The average income on suckler farms in 2019 rose by 11%, bringing the figure to €9,188, according to the Teagasc National Farm Survey.
Average gross output on cattle rearing farms (suckler enterprises) increased by 2% year-on-year to €36,715, with the average direct payment increasing by 12% to €14,706.
Additional support payments in the form of the Beef Exceptional Aid Measure (BEAM), added on average €780 to the average suckler farm while payments under the Beef Environmental Efficiency Programme (BEEP) contributed an average of €482 last year.
Total production costs fell slightly in 2019, with this figure down 1% on the previous year’s levels.
The main driver in the 8% decrease in direct costs, which fell to €12,363 on the average farm, was spending on feedstuffs, the report states.
Expenditure on concentrate feed decreased by 20% on average to €3,197, with purchased bulky feed expenditure also down by 22% on 2018-levels.
Teagasc said that fertiliser expenditure decreased by 8% per cent, due to both a fall in usage and increase in price, bringing the average farm spending €2,306 in 2019.
As with other farm systems in 2019, spending on contracting charges also decreased on suckler farms, by 2% to €2,978 on average.
The state agency noted that overhead costs increased by 6% with and increased depreciation costs for machinery and land (up 23 and 10%).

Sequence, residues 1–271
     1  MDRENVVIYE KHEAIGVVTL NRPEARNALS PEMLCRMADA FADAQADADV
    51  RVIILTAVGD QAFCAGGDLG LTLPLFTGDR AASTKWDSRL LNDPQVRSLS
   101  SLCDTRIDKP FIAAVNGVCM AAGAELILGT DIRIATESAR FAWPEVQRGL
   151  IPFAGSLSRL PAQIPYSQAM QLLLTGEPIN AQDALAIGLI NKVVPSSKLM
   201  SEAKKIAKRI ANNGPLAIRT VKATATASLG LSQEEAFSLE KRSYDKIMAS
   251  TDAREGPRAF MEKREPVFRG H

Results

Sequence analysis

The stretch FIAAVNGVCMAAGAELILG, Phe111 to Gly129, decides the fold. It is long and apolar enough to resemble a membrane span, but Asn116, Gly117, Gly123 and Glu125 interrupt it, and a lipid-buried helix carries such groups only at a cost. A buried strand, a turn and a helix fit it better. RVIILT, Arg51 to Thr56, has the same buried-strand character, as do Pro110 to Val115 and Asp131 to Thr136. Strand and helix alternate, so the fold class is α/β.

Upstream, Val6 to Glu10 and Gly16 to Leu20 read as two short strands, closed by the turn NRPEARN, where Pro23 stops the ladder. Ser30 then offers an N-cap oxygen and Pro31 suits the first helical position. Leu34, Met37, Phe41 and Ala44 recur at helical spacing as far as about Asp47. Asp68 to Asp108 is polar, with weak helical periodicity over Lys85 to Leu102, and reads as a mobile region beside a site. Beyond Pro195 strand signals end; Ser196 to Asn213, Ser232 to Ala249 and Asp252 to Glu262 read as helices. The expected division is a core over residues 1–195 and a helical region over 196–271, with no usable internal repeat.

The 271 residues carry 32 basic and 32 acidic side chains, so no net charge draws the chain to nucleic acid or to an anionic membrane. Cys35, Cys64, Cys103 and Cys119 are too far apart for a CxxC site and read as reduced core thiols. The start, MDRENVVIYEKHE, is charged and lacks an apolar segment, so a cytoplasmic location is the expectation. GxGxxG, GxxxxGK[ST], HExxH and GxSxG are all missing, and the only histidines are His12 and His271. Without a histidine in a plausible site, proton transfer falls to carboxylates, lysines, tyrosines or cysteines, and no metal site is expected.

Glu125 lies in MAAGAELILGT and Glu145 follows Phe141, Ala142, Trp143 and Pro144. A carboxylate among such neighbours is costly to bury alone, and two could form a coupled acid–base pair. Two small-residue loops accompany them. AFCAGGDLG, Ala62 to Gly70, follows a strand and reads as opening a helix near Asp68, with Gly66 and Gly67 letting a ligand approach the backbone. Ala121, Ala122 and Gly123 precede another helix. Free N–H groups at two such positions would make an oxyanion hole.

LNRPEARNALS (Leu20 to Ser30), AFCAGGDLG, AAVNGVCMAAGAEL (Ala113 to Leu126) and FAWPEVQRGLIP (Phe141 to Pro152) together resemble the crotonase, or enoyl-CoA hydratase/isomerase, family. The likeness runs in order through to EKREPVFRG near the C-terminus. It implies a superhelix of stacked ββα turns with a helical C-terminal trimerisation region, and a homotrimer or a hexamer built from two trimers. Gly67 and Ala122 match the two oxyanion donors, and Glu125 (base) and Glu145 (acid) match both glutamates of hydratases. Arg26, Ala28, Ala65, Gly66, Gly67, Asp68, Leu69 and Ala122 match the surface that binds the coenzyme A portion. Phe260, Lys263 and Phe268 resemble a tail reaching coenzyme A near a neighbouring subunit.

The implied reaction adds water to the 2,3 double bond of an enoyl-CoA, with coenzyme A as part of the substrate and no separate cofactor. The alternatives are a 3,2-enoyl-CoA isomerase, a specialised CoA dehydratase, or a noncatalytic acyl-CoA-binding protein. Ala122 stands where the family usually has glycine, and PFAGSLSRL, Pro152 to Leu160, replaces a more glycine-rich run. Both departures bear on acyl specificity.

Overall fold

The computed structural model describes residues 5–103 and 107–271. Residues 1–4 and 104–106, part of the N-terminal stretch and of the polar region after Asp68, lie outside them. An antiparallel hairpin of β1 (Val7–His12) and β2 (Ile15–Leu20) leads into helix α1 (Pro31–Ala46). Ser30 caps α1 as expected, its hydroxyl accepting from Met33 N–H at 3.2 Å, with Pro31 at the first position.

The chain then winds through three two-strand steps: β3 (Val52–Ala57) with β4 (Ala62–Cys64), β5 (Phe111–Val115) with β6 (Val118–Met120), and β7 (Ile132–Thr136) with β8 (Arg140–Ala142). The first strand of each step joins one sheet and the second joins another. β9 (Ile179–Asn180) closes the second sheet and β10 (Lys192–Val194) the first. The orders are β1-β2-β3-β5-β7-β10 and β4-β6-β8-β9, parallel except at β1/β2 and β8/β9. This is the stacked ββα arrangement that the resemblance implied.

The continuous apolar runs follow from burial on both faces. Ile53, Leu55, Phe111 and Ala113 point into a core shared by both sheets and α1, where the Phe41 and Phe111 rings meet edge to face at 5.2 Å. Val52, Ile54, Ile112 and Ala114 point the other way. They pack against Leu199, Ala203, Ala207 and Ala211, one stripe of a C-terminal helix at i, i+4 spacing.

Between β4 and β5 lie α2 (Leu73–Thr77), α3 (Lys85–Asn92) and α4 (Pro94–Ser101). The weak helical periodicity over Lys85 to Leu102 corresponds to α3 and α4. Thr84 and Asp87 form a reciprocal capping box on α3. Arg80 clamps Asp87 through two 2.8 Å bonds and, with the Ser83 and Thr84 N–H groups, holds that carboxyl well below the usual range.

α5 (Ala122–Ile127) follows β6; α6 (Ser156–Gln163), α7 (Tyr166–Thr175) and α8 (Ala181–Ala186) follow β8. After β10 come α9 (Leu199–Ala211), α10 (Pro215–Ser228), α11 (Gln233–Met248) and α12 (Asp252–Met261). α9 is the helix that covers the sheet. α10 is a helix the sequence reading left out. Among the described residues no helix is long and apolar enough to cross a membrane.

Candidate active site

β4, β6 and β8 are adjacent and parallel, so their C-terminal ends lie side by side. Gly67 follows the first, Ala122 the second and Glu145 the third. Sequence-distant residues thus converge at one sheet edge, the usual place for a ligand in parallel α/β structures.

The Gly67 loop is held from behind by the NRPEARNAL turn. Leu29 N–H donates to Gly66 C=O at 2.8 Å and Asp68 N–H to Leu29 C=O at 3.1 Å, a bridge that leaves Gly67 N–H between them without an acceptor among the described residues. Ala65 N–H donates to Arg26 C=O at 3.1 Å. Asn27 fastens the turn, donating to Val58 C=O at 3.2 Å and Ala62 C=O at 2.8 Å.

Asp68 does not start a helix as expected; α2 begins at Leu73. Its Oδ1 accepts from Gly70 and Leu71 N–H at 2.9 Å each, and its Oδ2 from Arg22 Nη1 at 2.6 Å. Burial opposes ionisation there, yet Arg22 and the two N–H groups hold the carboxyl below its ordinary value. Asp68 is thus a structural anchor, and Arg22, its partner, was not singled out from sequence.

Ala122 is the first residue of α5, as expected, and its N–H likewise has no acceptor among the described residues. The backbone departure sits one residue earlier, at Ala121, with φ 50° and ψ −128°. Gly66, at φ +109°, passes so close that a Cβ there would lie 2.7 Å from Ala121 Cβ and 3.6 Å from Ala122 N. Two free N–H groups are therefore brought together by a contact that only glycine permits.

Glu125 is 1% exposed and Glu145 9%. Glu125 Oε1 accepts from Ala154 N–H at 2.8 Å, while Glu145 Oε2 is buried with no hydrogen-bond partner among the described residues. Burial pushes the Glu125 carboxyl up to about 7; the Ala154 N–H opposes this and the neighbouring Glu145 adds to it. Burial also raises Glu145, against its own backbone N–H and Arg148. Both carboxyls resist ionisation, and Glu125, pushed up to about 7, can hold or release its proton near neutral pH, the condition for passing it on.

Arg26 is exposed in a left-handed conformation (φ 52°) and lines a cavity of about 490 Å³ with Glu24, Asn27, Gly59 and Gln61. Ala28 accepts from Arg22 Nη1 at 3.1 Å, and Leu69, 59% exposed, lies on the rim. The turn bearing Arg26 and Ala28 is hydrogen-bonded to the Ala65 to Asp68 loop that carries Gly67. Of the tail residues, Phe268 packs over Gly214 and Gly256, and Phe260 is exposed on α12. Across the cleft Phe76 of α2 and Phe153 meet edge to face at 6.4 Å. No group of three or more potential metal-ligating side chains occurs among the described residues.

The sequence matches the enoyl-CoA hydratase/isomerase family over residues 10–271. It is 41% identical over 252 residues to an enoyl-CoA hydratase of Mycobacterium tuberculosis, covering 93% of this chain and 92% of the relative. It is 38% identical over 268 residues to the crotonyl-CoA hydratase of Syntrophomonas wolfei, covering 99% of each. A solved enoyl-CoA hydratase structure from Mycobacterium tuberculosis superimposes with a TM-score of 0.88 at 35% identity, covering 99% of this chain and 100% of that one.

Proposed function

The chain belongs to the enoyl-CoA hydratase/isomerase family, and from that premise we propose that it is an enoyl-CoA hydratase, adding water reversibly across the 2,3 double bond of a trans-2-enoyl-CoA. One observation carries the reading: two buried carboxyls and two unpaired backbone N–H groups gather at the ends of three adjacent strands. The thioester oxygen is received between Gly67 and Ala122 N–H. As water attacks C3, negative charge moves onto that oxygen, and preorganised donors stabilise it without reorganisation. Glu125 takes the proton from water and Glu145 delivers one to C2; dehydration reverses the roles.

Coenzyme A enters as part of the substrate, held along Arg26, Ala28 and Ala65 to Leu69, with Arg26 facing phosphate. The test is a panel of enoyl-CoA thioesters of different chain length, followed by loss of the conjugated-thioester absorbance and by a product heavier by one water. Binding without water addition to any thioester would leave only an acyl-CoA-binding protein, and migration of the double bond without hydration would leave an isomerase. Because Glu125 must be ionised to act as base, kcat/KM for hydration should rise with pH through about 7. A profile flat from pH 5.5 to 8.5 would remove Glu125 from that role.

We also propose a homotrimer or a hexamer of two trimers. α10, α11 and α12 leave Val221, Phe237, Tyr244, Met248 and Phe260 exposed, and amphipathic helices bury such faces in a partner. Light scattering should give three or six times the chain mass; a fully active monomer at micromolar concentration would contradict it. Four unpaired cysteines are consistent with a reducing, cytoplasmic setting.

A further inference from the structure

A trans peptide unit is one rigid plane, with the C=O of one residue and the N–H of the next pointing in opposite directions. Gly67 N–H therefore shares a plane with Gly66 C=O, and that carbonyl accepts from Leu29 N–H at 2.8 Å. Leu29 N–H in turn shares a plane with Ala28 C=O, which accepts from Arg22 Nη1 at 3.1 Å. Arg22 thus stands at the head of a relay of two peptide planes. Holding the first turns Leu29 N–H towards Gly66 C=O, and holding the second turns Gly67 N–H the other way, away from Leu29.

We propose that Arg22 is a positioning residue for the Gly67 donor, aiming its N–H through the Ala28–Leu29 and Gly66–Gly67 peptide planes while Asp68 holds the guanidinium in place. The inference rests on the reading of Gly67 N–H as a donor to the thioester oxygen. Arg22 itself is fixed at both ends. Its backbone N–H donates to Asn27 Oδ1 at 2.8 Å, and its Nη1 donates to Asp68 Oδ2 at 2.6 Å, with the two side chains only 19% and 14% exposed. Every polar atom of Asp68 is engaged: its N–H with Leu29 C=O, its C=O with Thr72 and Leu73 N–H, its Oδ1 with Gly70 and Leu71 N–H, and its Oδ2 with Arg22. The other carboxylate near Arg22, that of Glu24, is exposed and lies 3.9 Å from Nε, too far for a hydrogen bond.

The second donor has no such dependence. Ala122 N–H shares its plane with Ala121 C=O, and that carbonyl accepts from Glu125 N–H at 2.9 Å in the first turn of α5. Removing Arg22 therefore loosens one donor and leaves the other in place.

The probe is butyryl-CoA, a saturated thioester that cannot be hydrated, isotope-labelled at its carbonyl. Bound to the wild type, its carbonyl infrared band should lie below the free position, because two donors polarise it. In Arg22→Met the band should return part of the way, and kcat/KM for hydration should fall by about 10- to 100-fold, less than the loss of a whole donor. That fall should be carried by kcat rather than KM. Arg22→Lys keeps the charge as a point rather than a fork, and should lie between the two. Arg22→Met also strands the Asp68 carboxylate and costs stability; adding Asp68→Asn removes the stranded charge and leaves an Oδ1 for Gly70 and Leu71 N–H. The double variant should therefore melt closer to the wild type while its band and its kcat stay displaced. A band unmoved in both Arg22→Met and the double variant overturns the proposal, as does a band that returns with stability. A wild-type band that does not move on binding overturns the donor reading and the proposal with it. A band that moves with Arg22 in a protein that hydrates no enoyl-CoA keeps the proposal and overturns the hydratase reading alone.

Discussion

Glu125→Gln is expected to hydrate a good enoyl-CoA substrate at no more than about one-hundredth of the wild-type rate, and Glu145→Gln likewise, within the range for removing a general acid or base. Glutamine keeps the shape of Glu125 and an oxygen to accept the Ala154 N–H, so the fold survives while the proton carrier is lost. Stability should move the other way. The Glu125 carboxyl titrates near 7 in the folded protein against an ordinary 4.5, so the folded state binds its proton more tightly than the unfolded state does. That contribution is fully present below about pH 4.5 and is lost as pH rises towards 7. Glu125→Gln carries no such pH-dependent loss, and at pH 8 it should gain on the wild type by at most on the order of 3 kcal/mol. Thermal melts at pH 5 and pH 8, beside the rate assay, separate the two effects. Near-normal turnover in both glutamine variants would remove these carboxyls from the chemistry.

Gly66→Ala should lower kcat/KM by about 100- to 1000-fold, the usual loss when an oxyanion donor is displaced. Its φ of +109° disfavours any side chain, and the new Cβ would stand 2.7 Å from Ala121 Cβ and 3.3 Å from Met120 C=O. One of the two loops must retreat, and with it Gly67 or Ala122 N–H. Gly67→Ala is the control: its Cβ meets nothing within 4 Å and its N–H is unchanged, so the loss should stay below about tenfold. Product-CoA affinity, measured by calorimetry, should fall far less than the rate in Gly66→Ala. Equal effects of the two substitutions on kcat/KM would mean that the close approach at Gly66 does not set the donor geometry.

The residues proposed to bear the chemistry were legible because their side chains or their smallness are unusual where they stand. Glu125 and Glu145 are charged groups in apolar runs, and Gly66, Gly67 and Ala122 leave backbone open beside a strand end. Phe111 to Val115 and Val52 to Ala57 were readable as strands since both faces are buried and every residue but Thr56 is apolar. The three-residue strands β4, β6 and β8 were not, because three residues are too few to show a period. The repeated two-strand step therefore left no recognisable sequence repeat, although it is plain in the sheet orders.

Spending on land improvement rose slightly in 2019 by 4%.
There was a 4% increase in farm size to almost 32 hectares on the average suckler farm in 2019, with a decline in the proportion of rented land also noted.
Although average direct payments are lowest on suckler farms with this figure standing at €14,706, the reliance on these payments and their overall contribution to FFI was 160 percent in 2019, the highest on record, the report adds.
“This indicates that the average suckler farm, with a FFI of €14,706, spent over €5,500 in direct payments over the course of the year to cover the farm’s operating loss.”
Almost 60% of suckler farmers earned less than €10,000 in 2019, according to the report.
A further 23% earned between €10,000 and €20,000, with 9%in the €20,000 to €50,000 category.
The data also shows that only 2% of suckler farms earned more than €50,000 last year.
The proportion of viable suckler remained very low at 13%, 2 percentage points up on the 2018 level, the report added.
The proportion of vulnerable cattle Rearing farms remained unchanged in 2019, at 43%.
In 2019, the average income per hectare remained lowest on suckler farms; this figure rose to €288 in 2019, up €20 per ha on the 2018 level of €268.
This average income per hectare on suckler farms remains about one-quarter of that of the comparable figure for dairy farms, the report authors outlined.